We flashback to a serial killer in 1919 called the "Axe Man" (Danny Huston) who hacks up women who don't love jazz. The worst. When he makes a trip to New Orleans he takes out an ad in the paper warning its citizens that if they do not blast jazz out of their windows, he will come inside and chop them up. The fiery young suffragettes of Miss Robichaux's take issue to some male oppressor forcing his terrible taste in music on them, so they flagrantly deny his demands, lure him into their home, and stab the ever-loving hell out of him. This traps the Axe Man's spirit inside the Academy for decades. Totally worth it.
Until Zoe finds a Ouija board, that is. Believing it to be the key to finding Madison, she begs Queenie and Nan to help her yield its power. They freak out and wisely refuse after a particularly disturbing session with the thing, so Zoe uses it on her own. It does lead her to Madison – and Spalding tries to take the blame for the murder, which Zoe doesn't accept – but it also accidentally releases the Axe Man into the house, where he terrorizes poor Cordelia (welcome home!) until Zoe's magic leads her to a spell that releases him into the world instead, which is what he was after anyway. So now there's a new killer on the loose. New Orleans just can't catch a break.
In other Cordelia news, upon arriving home she sees flashes of Hank cheating on her with Kaylie again, and kicks him out. He runs to Marie, who reveals that he has been working for her as a witch hunter this entire time (Kaylie was a Miss Robichaux alum as well), and she threatens that if he doesn't kill every witch in that house and burn it to the ground she will kill him.
But what's really important is Misty Day, of course. She's working on healing Myrtle with swamp water, she found Kyle and gave him a bath, and she brought Madison back to life at Zoe's behest. Misty Day gets shit done. Good news: Madison's doing a lot better than Kyle did after he was brought back to life (she can talk and everything). Bad news: She doesn't remember who killed her. For now.
As for Fiona, she's undergoing chemo therapy, and after expressing that she wants one more great love affair before she dies, accepts a drink from a handsome gentleman at the bar who turns out to be the Axe Man. Hopefully her newly acquired Nan-style gift of hearing other people's thoughts will help her out here.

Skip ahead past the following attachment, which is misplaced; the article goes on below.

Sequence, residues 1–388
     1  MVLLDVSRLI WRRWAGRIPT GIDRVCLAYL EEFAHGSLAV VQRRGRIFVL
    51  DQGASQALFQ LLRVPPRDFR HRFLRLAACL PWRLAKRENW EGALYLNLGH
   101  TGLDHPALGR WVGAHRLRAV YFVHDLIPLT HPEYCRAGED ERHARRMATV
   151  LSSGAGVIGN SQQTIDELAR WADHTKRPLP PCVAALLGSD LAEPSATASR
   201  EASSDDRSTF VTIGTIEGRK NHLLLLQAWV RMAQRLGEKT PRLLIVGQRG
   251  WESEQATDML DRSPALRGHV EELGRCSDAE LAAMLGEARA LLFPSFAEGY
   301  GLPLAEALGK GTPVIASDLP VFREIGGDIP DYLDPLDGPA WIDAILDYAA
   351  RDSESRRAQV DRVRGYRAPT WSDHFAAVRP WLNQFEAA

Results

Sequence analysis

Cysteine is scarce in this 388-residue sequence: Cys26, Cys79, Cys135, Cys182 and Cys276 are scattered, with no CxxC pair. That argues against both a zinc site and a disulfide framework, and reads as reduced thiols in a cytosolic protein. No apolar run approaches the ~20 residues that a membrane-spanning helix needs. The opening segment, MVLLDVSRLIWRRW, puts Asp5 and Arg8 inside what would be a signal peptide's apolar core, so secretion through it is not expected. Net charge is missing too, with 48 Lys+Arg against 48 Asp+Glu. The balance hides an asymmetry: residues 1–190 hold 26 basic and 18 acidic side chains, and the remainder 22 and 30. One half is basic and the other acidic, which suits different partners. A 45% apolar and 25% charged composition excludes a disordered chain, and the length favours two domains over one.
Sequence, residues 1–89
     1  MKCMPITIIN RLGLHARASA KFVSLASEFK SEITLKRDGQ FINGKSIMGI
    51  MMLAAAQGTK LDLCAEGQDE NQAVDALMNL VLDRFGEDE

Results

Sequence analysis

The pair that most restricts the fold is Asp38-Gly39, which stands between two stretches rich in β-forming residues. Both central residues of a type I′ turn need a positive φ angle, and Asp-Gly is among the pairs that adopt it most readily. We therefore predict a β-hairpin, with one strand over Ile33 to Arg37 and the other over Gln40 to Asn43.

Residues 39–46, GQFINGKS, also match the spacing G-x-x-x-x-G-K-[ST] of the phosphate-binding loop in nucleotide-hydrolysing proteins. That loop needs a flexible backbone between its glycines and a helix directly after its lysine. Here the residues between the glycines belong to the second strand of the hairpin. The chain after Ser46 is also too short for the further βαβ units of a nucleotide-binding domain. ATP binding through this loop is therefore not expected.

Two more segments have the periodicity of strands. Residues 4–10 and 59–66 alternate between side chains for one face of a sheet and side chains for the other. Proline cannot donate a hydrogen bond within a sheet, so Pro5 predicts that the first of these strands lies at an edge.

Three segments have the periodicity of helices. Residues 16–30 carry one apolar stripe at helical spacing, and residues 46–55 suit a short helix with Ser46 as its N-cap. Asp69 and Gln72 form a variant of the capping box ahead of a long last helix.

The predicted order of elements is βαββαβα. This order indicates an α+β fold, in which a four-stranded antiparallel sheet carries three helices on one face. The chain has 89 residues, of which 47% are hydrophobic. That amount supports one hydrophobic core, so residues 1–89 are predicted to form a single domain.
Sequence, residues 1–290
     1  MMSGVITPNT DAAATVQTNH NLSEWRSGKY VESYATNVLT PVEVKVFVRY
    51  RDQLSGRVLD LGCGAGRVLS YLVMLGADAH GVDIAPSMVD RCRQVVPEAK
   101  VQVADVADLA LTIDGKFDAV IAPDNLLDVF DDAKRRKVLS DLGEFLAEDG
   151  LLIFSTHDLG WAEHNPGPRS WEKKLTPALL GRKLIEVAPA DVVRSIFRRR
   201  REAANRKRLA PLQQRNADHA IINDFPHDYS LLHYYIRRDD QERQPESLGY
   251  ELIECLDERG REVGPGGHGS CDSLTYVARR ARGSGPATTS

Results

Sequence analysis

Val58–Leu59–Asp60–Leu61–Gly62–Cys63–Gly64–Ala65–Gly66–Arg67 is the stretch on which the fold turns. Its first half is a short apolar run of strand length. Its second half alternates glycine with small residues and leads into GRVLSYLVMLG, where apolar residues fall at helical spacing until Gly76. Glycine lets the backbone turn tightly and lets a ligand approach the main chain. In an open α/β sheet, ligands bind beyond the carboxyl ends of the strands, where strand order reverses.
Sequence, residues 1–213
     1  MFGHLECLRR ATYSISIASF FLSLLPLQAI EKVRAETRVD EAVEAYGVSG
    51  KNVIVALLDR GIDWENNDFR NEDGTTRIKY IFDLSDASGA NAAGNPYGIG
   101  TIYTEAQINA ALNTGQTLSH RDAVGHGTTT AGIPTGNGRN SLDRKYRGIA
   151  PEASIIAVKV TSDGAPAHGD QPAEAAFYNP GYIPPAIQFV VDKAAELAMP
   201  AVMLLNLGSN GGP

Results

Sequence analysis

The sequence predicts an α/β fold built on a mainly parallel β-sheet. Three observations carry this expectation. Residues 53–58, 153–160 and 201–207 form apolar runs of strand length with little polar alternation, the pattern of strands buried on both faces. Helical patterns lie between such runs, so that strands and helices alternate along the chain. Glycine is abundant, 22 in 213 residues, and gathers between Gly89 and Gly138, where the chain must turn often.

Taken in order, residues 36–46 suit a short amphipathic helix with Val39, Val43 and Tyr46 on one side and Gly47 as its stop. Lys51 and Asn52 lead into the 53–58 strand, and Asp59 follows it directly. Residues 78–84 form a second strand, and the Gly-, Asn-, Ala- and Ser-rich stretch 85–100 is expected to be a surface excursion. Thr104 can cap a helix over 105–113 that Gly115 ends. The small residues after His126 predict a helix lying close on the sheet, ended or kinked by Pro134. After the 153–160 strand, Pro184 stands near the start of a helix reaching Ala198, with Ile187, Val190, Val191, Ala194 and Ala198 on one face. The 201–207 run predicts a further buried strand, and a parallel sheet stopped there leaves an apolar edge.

Mindy Monez would buy Misty Day 100 new outdated yellow stereos and corresponding Steve Nicks tapes if only she could. You can tweet with her @garnisheater.
We open with a noir-styled opening featuring a man typing a letter on an old typewriter, smoking like a chimney as he does. He narrates as he types, and Google tells me he is typing the real-life letter the Axeman of New Orleans sent to newspapers in 1919. Oh, also, there was a serial killer called the "Axeman of New Orleans" in 1919. History, son!
A title card tells us we are indeed in the Axeman's time of 1919 for this week's flashback. He continues to narrate as he walks out onto the street, giving a contrasting jolly whistle on his stroll as his narration describes himself as a monster who will find more victims with his bloody axe, and soon. He stops in front of a house, and soon we are inside, watching a woman discover the crumpled body of her husband, an Axeman victim. The Axeman watches her in the shadows, and soon sneaks up behind her and gives her a great big crushing axe swing to the skull too. Very wrong, but my first thought? Some poor realtor is going to have a hell of a time selling that house now. I think it's time to install parental controls to protect me from HGTV.
We enter Miss Robichaux's Academy in 1919, where Grace Gummer is reading the Axeman's letter to her coven. Guys, let's take a moment to acknowledge that we have Streep DNA in the house this week. Look sharp! The letter goes on to explain that the Axeman loves jazz music (ugh!), and that every house that displays the blaring sounds of jazz will be spared his axe when he comes to town. This is the thing with jazz people. Always subjecting innocent people to it.
One witch points out how ridiculous it is to threaten people with violence for not being into jazz (I agree!), while a few others strategize how to produce a sufficient volume level with a Victrola. Grace Gummer, on the other hand, isn't standing for any of it. They are powerful suffragette witches, and no man shall impose their axe or their bad taste in music on them! It's time to demonstrate their power by taking down this jazzhole once and for all.
The Axeman is finishing his saxophone set in a New Orleans bar (he's in band, because all awful men are in bands) when a waitress asks him to walk her home. It's the night the Axeman is set to kill, and she's scared to be out alone. He tells her the Axeman won't touch her because rumor is he's a jazz-lover, and she's got "rhythm in [her] soul, baby." He horny wolf eyes her up and down as she slowly walks away. He can't even hit on women without bringing jazz into it.